At London Douglas contracted a friendship with Polydore Virgil, who was then engaged in composing a history of England. The publication of Mair's history of Scotland, in which he ventured to expose the Egyptian fables of his predecessors, had excited the indignation of such of his countrymen as delighted to trace their origin to the daughter of Pharaoh. Douglas was studious to warn his new friend against adopting the opinions of this writer; and presented him with a brief commentary in which he pursued the fabulous line of our ancestry from Athens to Scotland. This tractate, which was

principem, et principi gratulor, cujus regnum tot ingeniorum luminibus illustratur,”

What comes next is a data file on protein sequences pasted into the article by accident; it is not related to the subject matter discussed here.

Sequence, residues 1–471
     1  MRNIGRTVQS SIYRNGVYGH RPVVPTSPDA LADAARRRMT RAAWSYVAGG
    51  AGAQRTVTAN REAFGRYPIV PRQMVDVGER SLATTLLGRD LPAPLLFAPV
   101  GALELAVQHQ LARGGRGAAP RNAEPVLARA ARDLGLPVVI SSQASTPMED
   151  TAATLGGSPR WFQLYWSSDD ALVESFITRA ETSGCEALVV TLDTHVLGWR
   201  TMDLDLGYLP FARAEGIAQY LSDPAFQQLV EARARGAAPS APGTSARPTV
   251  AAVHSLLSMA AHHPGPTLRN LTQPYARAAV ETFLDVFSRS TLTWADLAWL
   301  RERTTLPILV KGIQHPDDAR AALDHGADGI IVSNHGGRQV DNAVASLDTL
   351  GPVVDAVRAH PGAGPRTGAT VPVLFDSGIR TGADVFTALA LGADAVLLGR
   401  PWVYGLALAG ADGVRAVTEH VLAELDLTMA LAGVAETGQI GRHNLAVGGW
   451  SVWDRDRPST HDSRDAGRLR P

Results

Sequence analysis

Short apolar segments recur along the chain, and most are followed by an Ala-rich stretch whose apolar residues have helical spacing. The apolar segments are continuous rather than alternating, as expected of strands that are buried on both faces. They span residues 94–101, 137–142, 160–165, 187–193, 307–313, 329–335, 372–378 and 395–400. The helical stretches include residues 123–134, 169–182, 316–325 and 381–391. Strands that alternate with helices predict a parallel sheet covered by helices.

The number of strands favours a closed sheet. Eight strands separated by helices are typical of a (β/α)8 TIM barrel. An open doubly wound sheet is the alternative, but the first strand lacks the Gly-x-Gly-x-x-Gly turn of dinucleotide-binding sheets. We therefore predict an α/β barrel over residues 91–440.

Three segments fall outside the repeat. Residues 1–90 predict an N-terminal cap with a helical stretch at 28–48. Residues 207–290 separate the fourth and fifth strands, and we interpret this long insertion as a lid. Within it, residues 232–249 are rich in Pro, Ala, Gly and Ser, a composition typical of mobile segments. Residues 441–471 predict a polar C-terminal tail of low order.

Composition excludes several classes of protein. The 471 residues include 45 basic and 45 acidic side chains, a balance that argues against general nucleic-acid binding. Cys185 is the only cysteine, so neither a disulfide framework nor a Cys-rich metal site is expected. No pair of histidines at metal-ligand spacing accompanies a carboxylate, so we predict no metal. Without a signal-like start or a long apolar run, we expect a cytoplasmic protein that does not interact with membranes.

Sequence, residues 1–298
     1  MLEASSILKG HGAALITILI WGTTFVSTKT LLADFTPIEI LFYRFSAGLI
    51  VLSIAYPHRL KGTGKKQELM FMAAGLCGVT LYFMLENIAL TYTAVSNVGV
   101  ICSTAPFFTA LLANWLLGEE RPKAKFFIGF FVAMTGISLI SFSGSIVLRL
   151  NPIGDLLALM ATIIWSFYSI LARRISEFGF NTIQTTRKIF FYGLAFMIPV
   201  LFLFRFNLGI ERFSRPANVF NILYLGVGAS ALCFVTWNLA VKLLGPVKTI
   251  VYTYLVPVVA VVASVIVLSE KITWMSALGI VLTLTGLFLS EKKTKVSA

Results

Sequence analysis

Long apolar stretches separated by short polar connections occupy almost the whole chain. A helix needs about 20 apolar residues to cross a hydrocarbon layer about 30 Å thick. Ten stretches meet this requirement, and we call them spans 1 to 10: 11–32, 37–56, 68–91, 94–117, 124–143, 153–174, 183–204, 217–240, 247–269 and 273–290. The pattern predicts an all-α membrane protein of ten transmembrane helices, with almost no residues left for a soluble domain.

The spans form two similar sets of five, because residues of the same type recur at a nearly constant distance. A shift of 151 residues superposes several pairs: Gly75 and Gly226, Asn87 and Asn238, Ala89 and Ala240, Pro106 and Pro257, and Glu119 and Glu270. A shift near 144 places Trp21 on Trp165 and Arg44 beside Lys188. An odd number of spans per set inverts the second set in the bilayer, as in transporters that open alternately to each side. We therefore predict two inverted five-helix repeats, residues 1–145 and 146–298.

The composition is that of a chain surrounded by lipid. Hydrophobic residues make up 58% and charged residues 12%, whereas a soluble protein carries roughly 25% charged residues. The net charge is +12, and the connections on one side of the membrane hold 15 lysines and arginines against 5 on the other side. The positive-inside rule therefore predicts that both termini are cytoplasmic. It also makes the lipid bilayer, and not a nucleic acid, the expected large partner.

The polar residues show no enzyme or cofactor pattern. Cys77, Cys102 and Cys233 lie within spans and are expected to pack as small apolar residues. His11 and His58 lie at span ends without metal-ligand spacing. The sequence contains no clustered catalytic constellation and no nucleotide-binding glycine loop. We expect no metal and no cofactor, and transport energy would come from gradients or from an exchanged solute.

ERASMI Epistolæ, f. ii. a. Paris. 1525, 8vo. d “ Nuper enim,” says Polydore Virgil, “Gavinus Douglas Doncheldensis episcopus, homo Scotus, virque summâ nobilitate et virtute, nescio ob quam causam, in Angliam profectus, ubi audivit dedisse me jampridem ad historiam scribendam, nos convenit : amicitiam fecimus: postea summe rogavit, ut ne historiam paulò antè à quodam suo Scoto divulgatam sequerer, in rebus Scoticis explicandis; pollicitusque est, se intra paucos dies missurum commentariolum de his neutiquam negligendum, id quod et fecit.” (Polydori Virgilii Anglica Historia, p. 52. edit. Basil. 1556, fol.) This writer has inserted the substance of the historical scheme which he received from Douglas. “Ego statim ut ista legi,” he subjoins, “ visus sum videre ursam parientem, quemadmodum in proverbio est. Post hæc, ut solebamus, cùm animi gratiâ unà essemus, Gavinus sententiam meam rogavit. Respondi, me de origine nihil contendere, &c. Ab hac sententia Gavinus vir sane honestus tam minime abhorruit, quàm ratio ipsa ei visa est cum veritate maxime consentire."